As such, I wrote Fit For Running: Overcome Knee Injuries and Maximize Performance.  This 70 page e-book covers assessment, stretching, strengthening, soft tissue mobilization, plyometric training and injury recovery guidelines.  It focuses on preparing the human body for optimal performance - a manual for physical readiness if you will.  It is perfect for runners of all ages and abilities, running coaches and fitness trainers working with runners.

While my book aims to target knee pain, it really offers considerable knowledge and insight that would help a runner with any overuse injury. Given the proportion of knee injuries, I chose to focus the injury/rehab portion of the manual on this topic.

Click Here to download a free sample and learn more about this great new resource.

Running is in full force as Spring has sprung.  If you have ever experienced shin pain during or after your training runs, you know firsthand how aggravating this condition can be.  I treat many runners with overuse injuries.  Common issues include anterior knee pain, IT band pain, plantar fasciitis and of course shin splints.

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Click here to read an earlier post on the link between poor ankle mobility and overuse injuries.  Unfortunately, shin splints can progress to a more serious stress fracture if not diagnosed and treated properly.  Recently, I was interviewed for a series of articles on thew topic of shin splints by Fitness Magazine.  You can read those articles below:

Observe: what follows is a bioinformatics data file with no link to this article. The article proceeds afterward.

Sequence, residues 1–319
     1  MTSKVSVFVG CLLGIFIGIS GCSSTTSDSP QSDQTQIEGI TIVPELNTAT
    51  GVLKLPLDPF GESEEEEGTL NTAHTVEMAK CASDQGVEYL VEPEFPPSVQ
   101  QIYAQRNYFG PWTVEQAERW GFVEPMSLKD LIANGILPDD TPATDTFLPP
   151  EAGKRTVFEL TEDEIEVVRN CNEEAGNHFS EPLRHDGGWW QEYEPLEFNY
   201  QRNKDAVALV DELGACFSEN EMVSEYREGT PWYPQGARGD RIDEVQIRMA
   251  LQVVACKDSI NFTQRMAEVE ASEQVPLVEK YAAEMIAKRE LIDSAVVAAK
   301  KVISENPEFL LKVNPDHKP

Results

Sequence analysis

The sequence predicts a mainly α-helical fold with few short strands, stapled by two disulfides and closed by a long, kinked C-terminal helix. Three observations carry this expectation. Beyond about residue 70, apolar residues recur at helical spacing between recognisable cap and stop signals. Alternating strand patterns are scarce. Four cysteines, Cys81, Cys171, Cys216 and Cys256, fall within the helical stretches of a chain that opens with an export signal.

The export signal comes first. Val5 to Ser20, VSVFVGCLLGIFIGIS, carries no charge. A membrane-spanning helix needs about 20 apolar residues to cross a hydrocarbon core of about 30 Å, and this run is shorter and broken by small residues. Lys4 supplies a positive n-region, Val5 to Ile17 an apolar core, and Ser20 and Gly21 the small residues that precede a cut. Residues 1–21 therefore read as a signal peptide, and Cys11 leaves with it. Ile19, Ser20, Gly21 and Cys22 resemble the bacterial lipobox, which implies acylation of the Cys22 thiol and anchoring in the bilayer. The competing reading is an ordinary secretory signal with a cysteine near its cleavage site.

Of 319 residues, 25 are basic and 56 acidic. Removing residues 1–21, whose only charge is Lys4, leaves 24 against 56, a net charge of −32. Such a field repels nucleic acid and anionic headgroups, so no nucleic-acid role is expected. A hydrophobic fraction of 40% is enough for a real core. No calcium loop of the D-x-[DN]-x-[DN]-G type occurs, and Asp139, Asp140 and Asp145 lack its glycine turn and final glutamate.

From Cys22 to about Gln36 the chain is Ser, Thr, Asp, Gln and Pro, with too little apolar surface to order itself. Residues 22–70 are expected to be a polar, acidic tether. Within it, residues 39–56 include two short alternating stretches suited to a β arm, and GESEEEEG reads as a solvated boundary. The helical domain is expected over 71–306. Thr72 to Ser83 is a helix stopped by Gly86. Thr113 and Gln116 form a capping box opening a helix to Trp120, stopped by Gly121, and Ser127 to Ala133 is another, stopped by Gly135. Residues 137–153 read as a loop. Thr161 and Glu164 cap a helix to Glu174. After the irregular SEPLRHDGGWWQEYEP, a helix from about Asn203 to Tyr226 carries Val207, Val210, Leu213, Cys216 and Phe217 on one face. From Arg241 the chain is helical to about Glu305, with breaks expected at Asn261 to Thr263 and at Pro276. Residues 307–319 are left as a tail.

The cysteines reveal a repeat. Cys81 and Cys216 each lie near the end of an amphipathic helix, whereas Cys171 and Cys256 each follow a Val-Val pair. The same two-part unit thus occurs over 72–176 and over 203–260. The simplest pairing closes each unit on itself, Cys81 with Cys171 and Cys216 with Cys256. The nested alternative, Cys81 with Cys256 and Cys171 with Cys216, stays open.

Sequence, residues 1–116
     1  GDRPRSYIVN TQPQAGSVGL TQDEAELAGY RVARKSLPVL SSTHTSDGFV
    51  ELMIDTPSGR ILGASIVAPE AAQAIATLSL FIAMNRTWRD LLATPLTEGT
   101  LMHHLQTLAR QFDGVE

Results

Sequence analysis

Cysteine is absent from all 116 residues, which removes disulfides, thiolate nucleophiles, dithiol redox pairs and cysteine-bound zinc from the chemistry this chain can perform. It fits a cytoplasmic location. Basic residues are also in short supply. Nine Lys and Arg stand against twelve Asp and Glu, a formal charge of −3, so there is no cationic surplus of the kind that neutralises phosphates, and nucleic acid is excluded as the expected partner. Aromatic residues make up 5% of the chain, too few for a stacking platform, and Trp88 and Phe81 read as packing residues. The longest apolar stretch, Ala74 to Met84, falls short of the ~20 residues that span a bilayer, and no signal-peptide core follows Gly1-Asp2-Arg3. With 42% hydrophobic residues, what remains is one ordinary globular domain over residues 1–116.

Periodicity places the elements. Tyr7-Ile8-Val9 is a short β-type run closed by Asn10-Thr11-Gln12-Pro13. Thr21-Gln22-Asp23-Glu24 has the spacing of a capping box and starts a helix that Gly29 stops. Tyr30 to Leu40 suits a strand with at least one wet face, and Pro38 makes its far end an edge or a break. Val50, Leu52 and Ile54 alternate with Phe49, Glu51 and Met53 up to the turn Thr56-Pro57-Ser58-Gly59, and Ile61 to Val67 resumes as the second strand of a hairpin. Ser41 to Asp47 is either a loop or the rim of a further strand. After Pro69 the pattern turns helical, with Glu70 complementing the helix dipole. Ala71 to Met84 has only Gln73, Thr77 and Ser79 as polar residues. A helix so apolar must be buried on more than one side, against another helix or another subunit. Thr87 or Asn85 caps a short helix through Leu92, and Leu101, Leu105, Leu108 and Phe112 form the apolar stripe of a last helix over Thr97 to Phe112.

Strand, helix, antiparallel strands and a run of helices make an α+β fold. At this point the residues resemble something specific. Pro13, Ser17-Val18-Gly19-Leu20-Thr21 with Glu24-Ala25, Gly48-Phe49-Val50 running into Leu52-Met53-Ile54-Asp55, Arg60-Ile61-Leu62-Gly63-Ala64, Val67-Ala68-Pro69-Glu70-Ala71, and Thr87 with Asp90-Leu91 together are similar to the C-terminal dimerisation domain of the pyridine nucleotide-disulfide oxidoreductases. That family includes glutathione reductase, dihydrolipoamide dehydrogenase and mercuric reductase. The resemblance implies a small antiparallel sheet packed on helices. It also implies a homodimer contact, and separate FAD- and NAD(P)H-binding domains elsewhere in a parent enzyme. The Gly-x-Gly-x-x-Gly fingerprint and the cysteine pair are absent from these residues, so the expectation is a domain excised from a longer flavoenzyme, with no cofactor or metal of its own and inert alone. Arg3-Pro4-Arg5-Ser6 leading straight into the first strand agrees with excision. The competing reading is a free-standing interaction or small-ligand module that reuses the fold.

What are shin splints?

How to prevent, treat and heal shin splints


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So, I just returned from the Combined Sections Meeting for the APTA that was held in Indianapolis.  There was lots of great networking and presentations to be sure.   I attended sessions on ACL rehab/prevention, femoroacetabular impingement, elbow injuries in throwers, running gait analysis, and shoulder plyometric training with the legendary George Davies.  I thought I would give you my top 10 list of helpful nuggets I picked up over the weekend in no particular order of importance.

1. Performing upper body plyometrics has no effect on untrained subjects so don’t waste time putting it into the rehab program, where as it does benefit trained overhead athletes.  The one caveat is it also increases passive horizontal external rotation so keep this in mind when working with athletes who have shoulder instability.

2. A new study  coming out in 2015 in AJSM revealed no major differences in throwing kinematics between those following UCL reconstruction (Tommy John) and age-matched controls.  This is good news for those worried about pitching mechanics after the procedure.

3.  According to Dr. Reiman at Duke, the orthopedic hip exam does a better job of telling us they do not have a labral tear than it does telling us they do have an intra-articular problem.  The tests have poor specificity.  In fact, he goes on to say that the “special tests are not that special.”  That brought a chuckle from the crowd including me.  Bottom line - we are not really able to conclusively say “yes you have a labral tear based on my exam today.

4. Reiman also feels we must consider look for mechanical symptoms during the lowering portion of the Thomas test, while considering the fact that fat pad impingement may cause anterior hip pain as opposed to joint pain.  Again, things are not always as they appear in the “FAI” crowd so we need to take a great history, look at the classic tests and also see how squatting and loading affects the hip.

5. More experienced pitchers do not drop the glove side arm, but instead tend to move their body toward the glove to conserve angular momentum and overcome small moments of inertia.  Less experienced pitchers rotate their trunk sooner in pitching cycles whereas pitchers who threw at higher levels rotated later and produced less torque at the shoulder.  Consequently, many players with higher elbow valgus torque and distraction force at the shoulder rotate too early.